The Personal Data Protection (Amendment) Act 2020 ("Amendment Act"), which was passed in Parliament on 2 November 2020, is set to take effect in phases. On 1 February 2021, the implementation of the amendments entered its first phase, with the first batch of amendments coming into operation.

The Amendment Act marks the culmination of a series of reviews and public consultations, and introduces a raft of changes to the Personal Data Protection Act 2012 ("PDPA"). The amendments seek to enhance the PDPA and strengthen organisational accountability and consumer protection, while giving organisations the confidence to harness personal data for innovation. This would be the first comprehensive review of the PDPA since its enactment.

In this Update, we highlight the changes in the Amendment Act which have taken effect in this first phase of implementation, and summarise the changes which have yet to come into operation.

For more information on the scope of the changes in the Amendment Act and the Advisory Guidelines on the amendments, please see our earlier Client Updates on "Amendments to the Personal Data Protection Act – Key Implications for Organisations in Singapore", available here, and "Draft Advisory Guidelines on the Key Amendments to the Personal Data Protection Act" available here.

Amendment Act

The Amendment Act aims to:

  • Strengthen organisational accountability;
  • Enhance consumer autonomy;
  • Enhance effective enforcement; and
  • Enable data use and innovation by organisations.

The first set of amendments have come into operation via the Personal Data Protection (Amendment) Act 2020 (Commencement) Notification 2021, which was gazetted on 29 January 2021. Accompanying regulations have also been introduced to support these amendments, including the following:

  • Personal Data Protection Regulations 2021
  • Personal Data Protection (Enforcement) Regulations 2021
  • Personal Data Protection (Notification of Data Breaches) Regulations 2021
  • Personal Data Protection (Appeal) Regulations 2021
  • Personal Data Protection (Composition of Offences) Regulations 2021

To help organisations with compliance, the Personal Data Protection Commission ("PDPC") has updated the following resources:

First Phase of Changes

In this section, we highlight the amendments which have come into effect from 1 February 2021.

  1. Organisational accountability

Mandatory breach notification

Under the new mandatory data breach notification system, once an organisation has credible grounds to believe that a data breach has occurred, it must take reasonable and expeditious steps to assess whether a data breach meets the criteria for notification.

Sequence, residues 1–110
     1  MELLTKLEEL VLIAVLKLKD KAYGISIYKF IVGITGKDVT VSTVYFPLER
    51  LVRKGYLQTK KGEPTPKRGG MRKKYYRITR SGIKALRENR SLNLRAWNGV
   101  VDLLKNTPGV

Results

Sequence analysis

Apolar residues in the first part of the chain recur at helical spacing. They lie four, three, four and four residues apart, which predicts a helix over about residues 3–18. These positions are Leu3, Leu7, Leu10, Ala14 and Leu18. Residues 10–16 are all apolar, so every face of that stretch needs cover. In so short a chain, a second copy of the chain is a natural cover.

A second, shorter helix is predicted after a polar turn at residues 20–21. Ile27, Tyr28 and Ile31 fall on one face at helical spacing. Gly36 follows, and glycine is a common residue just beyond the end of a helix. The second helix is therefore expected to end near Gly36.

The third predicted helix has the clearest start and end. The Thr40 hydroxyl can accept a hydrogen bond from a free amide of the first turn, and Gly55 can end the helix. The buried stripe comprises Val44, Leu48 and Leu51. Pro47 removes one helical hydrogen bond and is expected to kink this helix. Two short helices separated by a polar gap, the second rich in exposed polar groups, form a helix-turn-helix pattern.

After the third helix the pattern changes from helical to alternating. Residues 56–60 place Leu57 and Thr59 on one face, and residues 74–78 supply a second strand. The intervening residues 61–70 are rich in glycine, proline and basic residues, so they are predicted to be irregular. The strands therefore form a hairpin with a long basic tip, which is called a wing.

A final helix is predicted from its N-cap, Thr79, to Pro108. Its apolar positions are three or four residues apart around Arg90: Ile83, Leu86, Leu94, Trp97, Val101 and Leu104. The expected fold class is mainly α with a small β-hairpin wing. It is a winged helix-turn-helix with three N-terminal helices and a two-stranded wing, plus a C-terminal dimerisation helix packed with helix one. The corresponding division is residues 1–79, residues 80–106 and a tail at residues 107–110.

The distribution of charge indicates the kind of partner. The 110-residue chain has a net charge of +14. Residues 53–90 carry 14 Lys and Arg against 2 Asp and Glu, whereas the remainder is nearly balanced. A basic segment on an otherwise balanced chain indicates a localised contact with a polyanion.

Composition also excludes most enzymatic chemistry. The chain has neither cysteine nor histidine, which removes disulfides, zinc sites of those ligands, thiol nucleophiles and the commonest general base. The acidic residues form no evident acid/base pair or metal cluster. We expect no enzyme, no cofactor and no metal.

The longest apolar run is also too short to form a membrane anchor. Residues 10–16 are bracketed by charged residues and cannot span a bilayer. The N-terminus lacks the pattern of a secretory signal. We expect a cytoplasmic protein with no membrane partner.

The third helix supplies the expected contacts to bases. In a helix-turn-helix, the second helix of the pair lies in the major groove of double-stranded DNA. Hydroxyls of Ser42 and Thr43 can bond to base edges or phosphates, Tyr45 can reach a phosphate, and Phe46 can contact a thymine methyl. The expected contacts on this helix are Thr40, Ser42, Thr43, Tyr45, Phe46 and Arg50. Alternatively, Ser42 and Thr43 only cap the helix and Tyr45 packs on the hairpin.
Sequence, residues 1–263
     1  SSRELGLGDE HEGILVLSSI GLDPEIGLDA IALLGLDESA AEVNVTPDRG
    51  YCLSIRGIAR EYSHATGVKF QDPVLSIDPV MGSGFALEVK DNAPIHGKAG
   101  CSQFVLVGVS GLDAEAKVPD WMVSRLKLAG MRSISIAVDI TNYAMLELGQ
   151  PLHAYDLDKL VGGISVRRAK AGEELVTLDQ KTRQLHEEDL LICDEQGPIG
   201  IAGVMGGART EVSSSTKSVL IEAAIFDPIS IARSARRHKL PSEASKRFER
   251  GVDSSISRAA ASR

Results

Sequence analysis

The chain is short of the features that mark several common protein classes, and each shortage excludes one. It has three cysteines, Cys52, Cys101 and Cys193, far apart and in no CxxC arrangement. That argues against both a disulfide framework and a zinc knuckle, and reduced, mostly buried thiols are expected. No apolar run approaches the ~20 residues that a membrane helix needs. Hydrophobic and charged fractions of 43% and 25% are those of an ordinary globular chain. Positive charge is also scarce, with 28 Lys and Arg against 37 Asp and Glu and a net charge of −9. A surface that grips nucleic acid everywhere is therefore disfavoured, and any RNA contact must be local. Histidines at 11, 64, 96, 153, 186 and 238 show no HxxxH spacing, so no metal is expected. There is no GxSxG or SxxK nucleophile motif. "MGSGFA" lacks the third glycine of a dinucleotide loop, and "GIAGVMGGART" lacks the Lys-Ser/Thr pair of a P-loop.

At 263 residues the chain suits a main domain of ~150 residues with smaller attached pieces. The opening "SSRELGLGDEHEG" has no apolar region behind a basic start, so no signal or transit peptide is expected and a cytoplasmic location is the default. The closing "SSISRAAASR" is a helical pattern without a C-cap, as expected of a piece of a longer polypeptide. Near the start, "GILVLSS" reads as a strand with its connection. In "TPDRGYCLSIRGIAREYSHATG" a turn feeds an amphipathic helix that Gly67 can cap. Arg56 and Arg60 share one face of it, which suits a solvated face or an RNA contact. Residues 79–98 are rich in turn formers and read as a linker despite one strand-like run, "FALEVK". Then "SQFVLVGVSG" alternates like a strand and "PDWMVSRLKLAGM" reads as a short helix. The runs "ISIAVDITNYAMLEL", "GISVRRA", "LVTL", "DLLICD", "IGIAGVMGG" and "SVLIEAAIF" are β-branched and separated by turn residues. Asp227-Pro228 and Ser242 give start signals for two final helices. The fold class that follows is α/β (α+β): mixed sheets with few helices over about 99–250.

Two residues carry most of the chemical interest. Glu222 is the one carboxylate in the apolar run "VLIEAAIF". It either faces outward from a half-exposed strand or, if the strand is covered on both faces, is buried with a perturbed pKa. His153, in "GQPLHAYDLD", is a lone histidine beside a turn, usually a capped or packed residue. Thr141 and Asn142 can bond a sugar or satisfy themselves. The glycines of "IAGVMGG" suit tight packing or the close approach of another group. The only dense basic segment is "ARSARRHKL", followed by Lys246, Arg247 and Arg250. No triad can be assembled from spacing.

Organisations which discover a data breach must notify the PDPC if the breach:

  • is likely to result in significant harm to the individuals whose personal data is affected by the breach; or
  • is of a significant scale (not fewer than 500 individuals).

Organisations must also notify the affected individuals once they have assessed that the breach is one that is likely to result in significant harm to said affected individuals.

Accountability principle

The amendments insert an explicit reference to accountability in Part III of the PDPA. This emphasises that organisations are accountable for personal data in their possession or under their control.

Mishandling of personal data

Organisations acting on behalf of public agencies are no longer excluded from the ambit of the Data Protection Provisions in relation to the collection, use and disclosure of personal data. New offences have also been introduced to hold individuals (including employees and service providers) liable for the knowing or reckless unauthorised handling of personal data, subject to certain defences and safeguards.

  1. Consumer autonomy

Unsolicited messages

The system of control over unsolicited commercial messages under the PDPA and the Spam Control Act ("SCA") has been enhanced. The sending of unsolicited messages to telephone numbers through the use of dictionary attacks and address harvesting software will be prohibited under the PDPA's Do Not Call Provisions. The SCA has also been amended to cover commercial text messages sent in bulk and to Instant Messaging accounts (such as WhatsApp, WeChat and Telegram).

  1. Enforcement

Voluntary undertakings

The PDPC has been empowered to accept and enforce voluntary undertakings from organisations in lieu of a full investigation. Organisations which are in breach of the Data Protection Provisions may voluntarily commit to take specified action or refrain from taking specified action in relation to the requirements, as well as to publicise the voluntary undertaking. 

Alternative dispute resolution

The amendments establish a system of alternative dispute resolution to manage data protection complaints. The PDPC is empowered to direct complainants to resolve disputes via mediation, without the need to secure consent of both parties to the dispute, and to establish dispute resolution schemes for such purpose. Furthermore, the PDPC may compel the attendance of witnesses and the provision of documents and information, with non-compliance constituting an offence under the amended PDPA.